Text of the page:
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Water Safety Is Everyone's Job

Every summer in Central Texas the stories repeat themselves. All too often, tragedy strikes when a young child who cannot swim wanders out of a parent's sight for even the slightest of instants. Or when a teen or young adult who never properly learned to swim ventures out too far in water too deep or a current too strong. No excuse is acceptable for not providing your child with proper swimming and water safety instruction.

In our community, cost is not an obstacle, thanks to programs like the Austin American Statesman's Swim Safe for Austin Kids. The YMCA of Austin has been proud to partner with the Statesman and the Austin Parks & Recreation Department in Swim Safe since its inception more than a decade ago. In that time, more than 12,000 children from underserved communities have learned to swim.

Our YMCA of Austin Project SAFE, in conjunction with the Austin Independent School District and other area districts, has now provided free swim lessons to more than 8,500 first-grade students. Our SwimATX program provided free water confidence classes and lifeguard training for 88 high school students this year, in partnership with Austin ISD and the City of Austin.

Organizations such as Colin's Hope are providing free water safety instruction to area kids and helping raise funds to provide low-cost lessons.

And at all area YMCA's, we provide financial assistance to any individual or family who needs it for Y programs such as swim lessons. In 2014, we provided more than $2.6 million in financial assistance to more than 40,000 men, women and children so they could benefit from Y programs and memberships.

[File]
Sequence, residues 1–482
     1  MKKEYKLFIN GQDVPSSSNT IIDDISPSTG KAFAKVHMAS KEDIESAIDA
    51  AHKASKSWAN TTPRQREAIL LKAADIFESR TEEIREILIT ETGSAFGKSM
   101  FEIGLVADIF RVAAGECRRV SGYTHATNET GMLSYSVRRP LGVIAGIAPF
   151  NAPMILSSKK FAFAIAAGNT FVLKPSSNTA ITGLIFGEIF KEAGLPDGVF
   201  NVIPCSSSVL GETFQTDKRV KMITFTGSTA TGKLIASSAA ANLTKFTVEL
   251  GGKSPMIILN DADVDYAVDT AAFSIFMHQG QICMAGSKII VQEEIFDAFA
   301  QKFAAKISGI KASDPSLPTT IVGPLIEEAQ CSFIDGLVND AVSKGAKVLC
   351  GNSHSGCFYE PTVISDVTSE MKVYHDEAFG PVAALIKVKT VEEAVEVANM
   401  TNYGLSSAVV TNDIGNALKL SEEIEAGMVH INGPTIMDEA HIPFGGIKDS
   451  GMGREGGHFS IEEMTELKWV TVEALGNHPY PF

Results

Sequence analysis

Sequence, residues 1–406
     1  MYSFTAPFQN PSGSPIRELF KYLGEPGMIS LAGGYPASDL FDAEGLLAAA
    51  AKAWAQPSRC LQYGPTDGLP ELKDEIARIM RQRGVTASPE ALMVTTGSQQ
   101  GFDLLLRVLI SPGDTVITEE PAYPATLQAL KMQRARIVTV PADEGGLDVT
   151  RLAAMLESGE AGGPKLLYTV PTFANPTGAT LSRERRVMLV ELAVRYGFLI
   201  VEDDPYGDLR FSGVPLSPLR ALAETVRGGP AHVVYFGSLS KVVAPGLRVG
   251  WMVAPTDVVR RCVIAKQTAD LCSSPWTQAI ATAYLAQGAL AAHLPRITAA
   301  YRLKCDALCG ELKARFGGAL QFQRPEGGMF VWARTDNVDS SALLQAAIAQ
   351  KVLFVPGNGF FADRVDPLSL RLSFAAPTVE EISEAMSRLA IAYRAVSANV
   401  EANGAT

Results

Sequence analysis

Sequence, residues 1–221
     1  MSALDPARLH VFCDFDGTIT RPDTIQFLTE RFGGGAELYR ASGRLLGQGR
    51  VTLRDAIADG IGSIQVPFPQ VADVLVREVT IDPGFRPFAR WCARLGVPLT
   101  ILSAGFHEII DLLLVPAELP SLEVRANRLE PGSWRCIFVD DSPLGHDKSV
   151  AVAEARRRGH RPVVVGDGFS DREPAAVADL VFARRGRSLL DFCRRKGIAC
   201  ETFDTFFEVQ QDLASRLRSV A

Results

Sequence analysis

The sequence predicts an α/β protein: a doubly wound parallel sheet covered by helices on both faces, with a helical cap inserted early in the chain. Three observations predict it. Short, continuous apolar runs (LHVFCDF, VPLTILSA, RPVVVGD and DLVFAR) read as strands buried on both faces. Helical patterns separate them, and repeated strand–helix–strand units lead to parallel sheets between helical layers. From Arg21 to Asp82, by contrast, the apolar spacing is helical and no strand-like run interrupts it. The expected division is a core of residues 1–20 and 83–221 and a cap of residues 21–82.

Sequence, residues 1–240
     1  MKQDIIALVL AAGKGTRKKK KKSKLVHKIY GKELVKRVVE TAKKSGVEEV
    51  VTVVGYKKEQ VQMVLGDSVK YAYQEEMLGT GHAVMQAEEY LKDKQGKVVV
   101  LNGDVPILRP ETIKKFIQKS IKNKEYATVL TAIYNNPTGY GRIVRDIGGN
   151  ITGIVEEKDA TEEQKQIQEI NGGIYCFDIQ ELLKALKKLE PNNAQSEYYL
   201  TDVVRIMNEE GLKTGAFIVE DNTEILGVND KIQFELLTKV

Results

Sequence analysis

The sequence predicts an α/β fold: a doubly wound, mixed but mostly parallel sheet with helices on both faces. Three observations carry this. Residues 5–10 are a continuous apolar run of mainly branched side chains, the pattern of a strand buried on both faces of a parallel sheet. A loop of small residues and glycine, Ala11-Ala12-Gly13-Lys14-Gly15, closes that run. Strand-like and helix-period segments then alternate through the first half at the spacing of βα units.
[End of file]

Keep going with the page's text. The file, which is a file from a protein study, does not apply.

We also provide adaptive swim programs for persons with disabilities, as well as lifeguard certification courses for those wanting to keep others safe.

Being safe in the water isn't hard, but it does require a committed effort from you. The basics of water safety are actually quite simple:

  • Only swim when and where there is a lifeguard on duty; never swim alone
  • Inexperienced swimmers should take precautions and wear a U.S. Coast Guard-approved personal flotation device (PFD) when in, on or around the water
  • Children who are beginners should stay within arm's reach of an adult in the water

But the most important point is this: When your children are swimming at a local pool or area waterway, you are a lifeguard. Even if a professional lifeguard is on duty, you are responsible for keeping watch over your child. Don't make the mistake of assuming that your child will be safe because a lifeguard is on duty. You are your child's lifeguard.

Having worked many summers as a lifeguard, I will tell you from personal experience that, in a pool filled with 100 people, it is physically impossible to keep watch over everyone at all times. Even the best of lifeguards rely on the efforts of parents and guardians to keep kids safe in the water.

Finally, understand that it's never too late to learn how to swim. In a culturally diverse community like Austin, many adults simply did not grow up in places where swimming was a common recreational activity. As a result, not only can many adults not swim, but they also don't see the obvious need to teach their children to swim. It's a vicious and deadly circle.

No one should feel embarrassed about not knowing how to swim. Adult swimming lessons are available throughout our ccommunity, even classes for those who are especially terriified of water. The good news it that, once you learn to swim, it's fun for adults and children alike, and has many health benefits. Few exercises can rival swimming as a way to improve strength, flexibility and stamina. Plus, it's easy on the joints and particularly suitable for older adults.

Perhaps most important of all, when the mercury hits the boiling point, nothing feels quite as good as a refreshing dip in the water.

OP-ED by James Finck, President & CEO, YMCA of Austin


More information on YMCA swimming programs is available here